### Week 4:July 13- July 17

• Sections 2.4, 25   Numerical approximation of solutions: Euler's method, improved Euler method,    Runge-Kutta method.
• Sections 3.1-3.3:  Linear system of algebraic equations and their general solutions. Gauss-Jordan elimination method.
• Chapter 3:  Elements of linear algebra: vector and matrix operations, matrix product, determinants, inverse matrices.
• Chapter 3: Determinants, inverse matrices, homogeneous linear systems of equations.
• Section 4.3: Linear combinations, linear dependence and independence of vectors
.

First mid-term exam  on FRIDAY. July 17   (sample exam) will cover Chapters 1 and 2 (sections 2.1-2.3) and Chapter 3 (Sections 3.1-3.3).
Maple computer project #2 is due to Monday, July 20.

### Week 3: July 6 - July 10

• Section 2.2 Equilibrium solutions and their stability.
• Section 2.3 Acceleration-velocity models. Motion under resistance forces.
• Computer algebra system Maple:  Introduction ( basic capabilities, plotting, programming, Differential Equations packages)
• Sections 2.4, 25   Numerical approximation of solutions: Euler's method, improved Euler method,    Runge-Kutta method.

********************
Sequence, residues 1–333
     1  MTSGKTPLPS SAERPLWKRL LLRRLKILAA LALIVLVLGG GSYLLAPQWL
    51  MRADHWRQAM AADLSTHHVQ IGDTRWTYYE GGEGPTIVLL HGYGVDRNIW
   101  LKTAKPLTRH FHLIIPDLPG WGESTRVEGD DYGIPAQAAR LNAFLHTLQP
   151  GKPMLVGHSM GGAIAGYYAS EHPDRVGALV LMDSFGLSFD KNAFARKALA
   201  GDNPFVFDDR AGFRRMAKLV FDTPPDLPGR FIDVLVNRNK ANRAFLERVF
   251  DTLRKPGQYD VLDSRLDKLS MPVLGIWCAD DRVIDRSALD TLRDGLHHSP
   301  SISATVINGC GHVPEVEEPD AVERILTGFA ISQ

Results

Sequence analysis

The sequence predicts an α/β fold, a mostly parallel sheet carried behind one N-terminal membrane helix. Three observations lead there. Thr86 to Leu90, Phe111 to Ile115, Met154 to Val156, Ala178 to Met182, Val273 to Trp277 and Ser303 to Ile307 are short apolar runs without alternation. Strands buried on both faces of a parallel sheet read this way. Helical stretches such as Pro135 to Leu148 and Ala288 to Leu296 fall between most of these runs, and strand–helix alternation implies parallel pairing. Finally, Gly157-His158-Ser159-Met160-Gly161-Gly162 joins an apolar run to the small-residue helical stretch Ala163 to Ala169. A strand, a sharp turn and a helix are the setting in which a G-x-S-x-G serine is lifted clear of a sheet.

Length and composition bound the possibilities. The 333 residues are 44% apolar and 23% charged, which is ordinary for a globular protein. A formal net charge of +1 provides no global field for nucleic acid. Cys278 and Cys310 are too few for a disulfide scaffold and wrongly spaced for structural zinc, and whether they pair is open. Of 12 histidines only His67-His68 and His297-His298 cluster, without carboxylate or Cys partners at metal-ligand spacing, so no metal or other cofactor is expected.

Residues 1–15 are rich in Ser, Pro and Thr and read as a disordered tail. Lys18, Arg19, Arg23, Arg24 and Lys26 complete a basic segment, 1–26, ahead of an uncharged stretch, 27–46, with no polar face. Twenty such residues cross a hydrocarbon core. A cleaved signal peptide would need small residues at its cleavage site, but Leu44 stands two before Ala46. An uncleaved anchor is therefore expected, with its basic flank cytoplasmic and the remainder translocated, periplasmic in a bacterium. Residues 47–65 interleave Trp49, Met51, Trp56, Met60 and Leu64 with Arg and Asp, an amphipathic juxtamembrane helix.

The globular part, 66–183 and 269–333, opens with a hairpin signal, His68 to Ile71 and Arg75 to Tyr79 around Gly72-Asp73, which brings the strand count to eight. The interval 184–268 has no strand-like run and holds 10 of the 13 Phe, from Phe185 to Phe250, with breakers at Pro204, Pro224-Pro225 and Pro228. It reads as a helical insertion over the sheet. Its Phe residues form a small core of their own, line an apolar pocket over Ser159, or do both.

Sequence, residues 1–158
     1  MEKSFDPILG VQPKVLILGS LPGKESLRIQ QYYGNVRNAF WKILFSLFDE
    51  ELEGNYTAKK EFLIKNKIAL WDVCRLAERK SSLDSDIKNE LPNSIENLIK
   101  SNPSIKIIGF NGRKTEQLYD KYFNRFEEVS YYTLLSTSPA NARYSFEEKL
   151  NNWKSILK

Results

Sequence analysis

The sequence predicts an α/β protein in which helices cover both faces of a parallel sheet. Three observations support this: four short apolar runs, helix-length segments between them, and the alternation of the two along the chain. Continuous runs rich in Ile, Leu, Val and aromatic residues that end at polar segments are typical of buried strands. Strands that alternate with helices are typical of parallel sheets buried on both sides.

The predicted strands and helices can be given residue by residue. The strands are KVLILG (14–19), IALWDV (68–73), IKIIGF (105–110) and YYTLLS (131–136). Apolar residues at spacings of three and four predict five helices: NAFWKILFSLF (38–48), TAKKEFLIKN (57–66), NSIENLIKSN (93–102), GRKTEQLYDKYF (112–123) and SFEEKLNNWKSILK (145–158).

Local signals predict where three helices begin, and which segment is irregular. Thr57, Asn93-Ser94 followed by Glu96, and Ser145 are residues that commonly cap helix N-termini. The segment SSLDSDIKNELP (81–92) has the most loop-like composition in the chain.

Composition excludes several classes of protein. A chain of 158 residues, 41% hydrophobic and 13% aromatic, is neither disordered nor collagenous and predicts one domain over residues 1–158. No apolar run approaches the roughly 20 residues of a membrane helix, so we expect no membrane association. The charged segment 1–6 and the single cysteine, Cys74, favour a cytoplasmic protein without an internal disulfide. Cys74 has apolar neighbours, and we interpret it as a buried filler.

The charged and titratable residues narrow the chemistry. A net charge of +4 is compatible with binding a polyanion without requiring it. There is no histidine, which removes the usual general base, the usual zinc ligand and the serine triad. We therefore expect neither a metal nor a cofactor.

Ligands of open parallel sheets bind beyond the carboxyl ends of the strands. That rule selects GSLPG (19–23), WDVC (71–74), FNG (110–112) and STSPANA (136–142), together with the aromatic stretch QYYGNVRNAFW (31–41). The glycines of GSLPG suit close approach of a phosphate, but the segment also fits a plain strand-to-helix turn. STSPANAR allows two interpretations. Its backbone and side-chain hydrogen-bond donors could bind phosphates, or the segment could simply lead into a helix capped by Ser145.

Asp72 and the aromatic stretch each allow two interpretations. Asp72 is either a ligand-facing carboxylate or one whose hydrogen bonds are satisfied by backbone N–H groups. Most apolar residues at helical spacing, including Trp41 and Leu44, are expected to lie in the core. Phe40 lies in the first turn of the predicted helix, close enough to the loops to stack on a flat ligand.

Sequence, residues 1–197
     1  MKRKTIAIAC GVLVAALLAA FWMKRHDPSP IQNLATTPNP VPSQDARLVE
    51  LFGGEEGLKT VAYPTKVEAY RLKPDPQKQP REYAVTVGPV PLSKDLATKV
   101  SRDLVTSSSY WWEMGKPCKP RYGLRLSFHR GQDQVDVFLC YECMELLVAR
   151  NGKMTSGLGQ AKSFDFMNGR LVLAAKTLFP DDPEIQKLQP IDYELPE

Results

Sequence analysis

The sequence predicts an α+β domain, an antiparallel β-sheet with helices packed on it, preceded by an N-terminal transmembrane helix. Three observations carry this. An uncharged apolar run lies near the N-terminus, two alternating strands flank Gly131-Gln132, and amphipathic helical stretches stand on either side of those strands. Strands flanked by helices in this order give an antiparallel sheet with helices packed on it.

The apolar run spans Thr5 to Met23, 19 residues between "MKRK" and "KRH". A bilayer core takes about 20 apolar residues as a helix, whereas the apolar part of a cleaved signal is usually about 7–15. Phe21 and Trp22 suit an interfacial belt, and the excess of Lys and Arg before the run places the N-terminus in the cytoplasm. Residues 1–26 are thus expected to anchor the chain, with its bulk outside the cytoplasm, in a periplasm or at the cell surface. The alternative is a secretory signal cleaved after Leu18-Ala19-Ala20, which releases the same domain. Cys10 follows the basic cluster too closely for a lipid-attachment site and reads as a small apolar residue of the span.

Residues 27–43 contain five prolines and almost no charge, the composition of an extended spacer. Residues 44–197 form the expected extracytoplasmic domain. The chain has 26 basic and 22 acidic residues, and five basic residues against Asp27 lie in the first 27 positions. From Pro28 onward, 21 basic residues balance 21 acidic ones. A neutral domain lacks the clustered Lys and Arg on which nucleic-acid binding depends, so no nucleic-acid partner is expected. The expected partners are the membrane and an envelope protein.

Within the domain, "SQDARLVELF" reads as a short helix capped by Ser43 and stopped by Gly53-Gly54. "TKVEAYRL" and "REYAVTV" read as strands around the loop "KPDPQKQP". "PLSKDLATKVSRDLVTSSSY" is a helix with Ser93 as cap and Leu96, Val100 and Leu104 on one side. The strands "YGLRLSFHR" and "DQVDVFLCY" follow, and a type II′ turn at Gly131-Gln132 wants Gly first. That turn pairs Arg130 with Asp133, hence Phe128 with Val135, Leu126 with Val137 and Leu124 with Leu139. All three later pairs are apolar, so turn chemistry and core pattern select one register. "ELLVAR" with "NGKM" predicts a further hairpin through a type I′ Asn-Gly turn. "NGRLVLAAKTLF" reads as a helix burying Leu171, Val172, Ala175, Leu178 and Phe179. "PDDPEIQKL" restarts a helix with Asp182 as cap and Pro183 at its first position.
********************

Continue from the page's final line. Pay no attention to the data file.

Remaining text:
Quiz on Tuesday: problems from Sections 2.1, 2.2. Quiz on Friday: problems from Section 2.3. Maple Computer Project #1 is due to  Monday, July 13.

### Week 2:June 29  - July 03

• Section 1.4 Separable equations and their solution by separation of variables. Implicit solutions.
• Section 1.5 Linear first-order equations: uniqueness and existence of solutions, integrating factor and    solutions of linear first-order  differential equation.
• Section 1.6 Substitution methods and exact solutions. Substitution (or, change of variables) method,   homogeneous equations, Bernoulli equations. Exact differential equations and criterion for exactness.
• Section 2.1  Mathematical models: population models. Logistic equation and its applications.
• Section 2.2 Equilibrium solutions and their stability.
•  Quiz on Tuesday: problems from Sections 1.3,1.4. Quiz on Friday:  problems from Sections  1.4, 1.5, 1.6, theorem on existence and uniqueness of solutions

### Week 1: June 25 - January 26

#### Topics for study and reading

• Section 1.1 Differential equations and mathematical models: Newton's law of cooling. Concept of solution of differential equation.